Chelsea to back fair play deal
Chelsea are set to back both a wage increase cap and a compromise financial fair play deal at Thursday's showdown meeting of all 20 Premier League chairmen.
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The Roman Abramovich-owned club had been viewed as being opposed to financial fair play (FFP) but Press Association Sport understands Chelsea will agree to a system that obliges clubs to break even but allows owners to cover some losses.
Insiders at Stamford Bridge insist they have never been opposed to a compromise agreement, and that position should now ensure that both spending control systems are agreed on Thursday.
Arsenal, Manchester United, Tottenham and Liverpool will still argue however that wealthy owners should not be allowed to underwrite any losses, but in order to push FFP through will have to settle for a compromise where up to £105million over three years can be covered.
Opponents of a no-compromise FFP argue that the system maintains the status quo and favours the biggest clubs with large stadia and high commercial income. Four clubs - Manchester City, Fulham, West Brom and Aston Villa - are still expected to vote against it.
Chelsea's backing of a compromise however should enable the necessary 14 out of the 20 votes to be reached.
The wage increase cap may also be watered down however - initially Sunderland owner Ellis Short had suggested a maximum 10% increase allowed for player wages. It now looks likely that the cap will only affect those clubs whose total bill is higher than £52million so that promoted sides are not prevented from improving their squads.
Furthermore, spending money earned from clubs' individual sponsorship deals on wages will not be restricted. That can be significant - in Manchester United's case commercial income totalled £117.6m last year and their wage bill £160m.
But some form of wage increase cap will satisfy club owners who are fearful of the bulk of the income from next season's bumper new television rights deals - expected to be worth £25m-£30m per club - going straight into the pockets of the players and agents.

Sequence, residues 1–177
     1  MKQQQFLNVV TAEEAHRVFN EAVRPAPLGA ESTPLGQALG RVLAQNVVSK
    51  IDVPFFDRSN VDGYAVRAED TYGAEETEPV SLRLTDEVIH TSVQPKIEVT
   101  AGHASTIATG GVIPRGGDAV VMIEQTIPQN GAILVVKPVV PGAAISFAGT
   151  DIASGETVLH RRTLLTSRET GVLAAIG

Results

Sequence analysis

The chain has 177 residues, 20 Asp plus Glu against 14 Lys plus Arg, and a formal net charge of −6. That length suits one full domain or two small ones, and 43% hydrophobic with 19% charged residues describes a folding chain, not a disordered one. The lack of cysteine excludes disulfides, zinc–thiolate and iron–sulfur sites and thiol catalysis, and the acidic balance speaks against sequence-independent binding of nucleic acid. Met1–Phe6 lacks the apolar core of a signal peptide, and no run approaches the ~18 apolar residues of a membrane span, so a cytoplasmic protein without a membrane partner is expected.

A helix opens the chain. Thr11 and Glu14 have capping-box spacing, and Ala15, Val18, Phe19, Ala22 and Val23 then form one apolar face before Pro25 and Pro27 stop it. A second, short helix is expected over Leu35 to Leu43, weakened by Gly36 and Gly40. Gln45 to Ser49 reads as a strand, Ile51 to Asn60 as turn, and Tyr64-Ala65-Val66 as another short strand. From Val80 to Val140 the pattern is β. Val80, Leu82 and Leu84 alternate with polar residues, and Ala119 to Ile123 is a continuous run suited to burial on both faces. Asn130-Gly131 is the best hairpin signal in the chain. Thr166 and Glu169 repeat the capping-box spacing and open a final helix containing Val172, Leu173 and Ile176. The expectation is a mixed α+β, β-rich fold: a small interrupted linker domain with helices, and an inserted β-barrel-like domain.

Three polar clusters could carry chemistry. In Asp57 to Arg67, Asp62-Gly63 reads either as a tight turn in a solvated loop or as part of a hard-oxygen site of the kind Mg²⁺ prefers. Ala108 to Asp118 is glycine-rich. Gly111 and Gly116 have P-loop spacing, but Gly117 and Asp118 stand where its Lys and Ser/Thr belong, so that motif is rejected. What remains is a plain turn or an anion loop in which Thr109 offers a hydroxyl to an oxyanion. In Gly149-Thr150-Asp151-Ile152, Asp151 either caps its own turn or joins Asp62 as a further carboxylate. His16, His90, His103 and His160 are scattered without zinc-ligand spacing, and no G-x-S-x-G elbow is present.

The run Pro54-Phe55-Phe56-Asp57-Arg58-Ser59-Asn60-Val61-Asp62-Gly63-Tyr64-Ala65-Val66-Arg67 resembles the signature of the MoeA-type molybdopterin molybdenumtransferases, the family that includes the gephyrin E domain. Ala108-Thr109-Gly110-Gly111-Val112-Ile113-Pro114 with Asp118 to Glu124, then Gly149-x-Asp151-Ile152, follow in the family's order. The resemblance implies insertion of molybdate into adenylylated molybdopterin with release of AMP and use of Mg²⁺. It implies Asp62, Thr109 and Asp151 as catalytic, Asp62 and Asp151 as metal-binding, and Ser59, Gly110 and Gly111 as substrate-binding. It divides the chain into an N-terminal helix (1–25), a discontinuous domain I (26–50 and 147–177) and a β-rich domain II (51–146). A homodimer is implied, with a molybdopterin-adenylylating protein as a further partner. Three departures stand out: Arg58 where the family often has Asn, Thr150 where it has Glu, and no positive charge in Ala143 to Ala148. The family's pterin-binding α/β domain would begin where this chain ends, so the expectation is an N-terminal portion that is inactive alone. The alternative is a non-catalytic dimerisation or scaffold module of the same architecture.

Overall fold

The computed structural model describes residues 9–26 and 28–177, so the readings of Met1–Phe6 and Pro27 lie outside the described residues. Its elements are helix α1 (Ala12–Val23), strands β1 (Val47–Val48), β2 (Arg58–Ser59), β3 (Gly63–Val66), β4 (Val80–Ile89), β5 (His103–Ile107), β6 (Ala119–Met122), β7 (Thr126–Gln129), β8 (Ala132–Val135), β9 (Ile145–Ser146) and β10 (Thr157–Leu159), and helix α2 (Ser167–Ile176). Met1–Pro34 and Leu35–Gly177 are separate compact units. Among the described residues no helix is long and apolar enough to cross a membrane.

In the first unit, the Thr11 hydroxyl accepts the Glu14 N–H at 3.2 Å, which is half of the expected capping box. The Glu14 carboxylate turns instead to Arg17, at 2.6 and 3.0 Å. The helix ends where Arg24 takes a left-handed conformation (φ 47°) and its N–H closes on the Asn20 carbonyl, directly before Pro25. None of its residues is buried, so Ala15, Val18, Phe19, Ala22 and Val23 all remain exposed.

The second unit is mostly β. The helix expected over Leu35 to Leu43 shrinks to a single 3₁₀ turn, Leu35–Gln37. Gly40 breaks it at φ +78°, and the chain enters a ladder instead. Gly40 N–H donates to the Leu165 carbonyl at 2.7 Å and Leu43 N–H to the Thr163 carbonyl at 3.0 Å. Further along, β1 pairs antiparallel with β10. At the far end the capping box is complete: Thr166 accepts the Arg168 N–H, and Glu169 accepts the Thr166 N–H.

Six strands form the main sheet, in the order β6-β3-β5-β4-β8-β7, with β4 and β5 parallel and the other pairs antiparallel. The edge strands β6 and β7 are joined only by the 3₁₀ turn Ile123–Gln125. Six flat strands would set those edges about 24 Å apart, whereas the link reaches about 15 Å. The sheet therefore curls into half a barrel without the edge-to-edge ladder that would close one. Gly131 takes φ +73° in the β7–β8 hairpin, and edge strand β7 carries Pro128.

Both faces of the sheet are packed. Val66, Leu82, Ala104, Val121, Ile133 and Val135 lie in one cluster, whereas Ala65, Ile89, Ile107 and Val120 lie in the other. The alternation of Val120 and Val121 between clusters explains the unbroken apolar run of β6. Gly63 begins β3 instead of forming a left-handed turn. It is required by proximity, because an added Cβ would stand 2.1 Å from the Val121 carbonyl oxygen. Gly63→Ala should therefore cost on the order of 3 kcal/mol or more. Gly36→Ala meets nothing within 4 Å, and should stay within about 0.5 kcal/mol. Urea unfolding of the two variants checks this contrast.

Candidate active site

The Premier League's expected FFP system would be less restrictive than UEFA's, which is being brought in from next season and will oblige clubs to break even or face possible exclusion from European competition.
Under UEFA's system, for the first three years owners will be permitted to cover annual losses of up to £12million via equity but that will then be phased out.
Arsenal, Manchester United, Tottenham and Liverpool - styled as the 'gang of four' after they sent a joint letter to the last shareholders meeting calling for owners not be allowed to cover any losses at all - argue that tough FFP measures will maintain the Premier League's competitiveness and its attraction to a global TV audience, rather than risk a situation developing such as in Spain where only two clubs dominate the football landscape.
In September last year, Chelsea's chief executive Ron Gourlay said the club wanted to promote financial stability. He told the club's website then: "We have geared ourselves up for the financial regulatory structure now in place in Europe, and would like to think that we could develop an appropriate set of financial stability regulations to apply to all Premier League clubs.
"Everyone at the club is working hard to comply with the rules and we will participate positively in the Premier League's forthcoming meetings."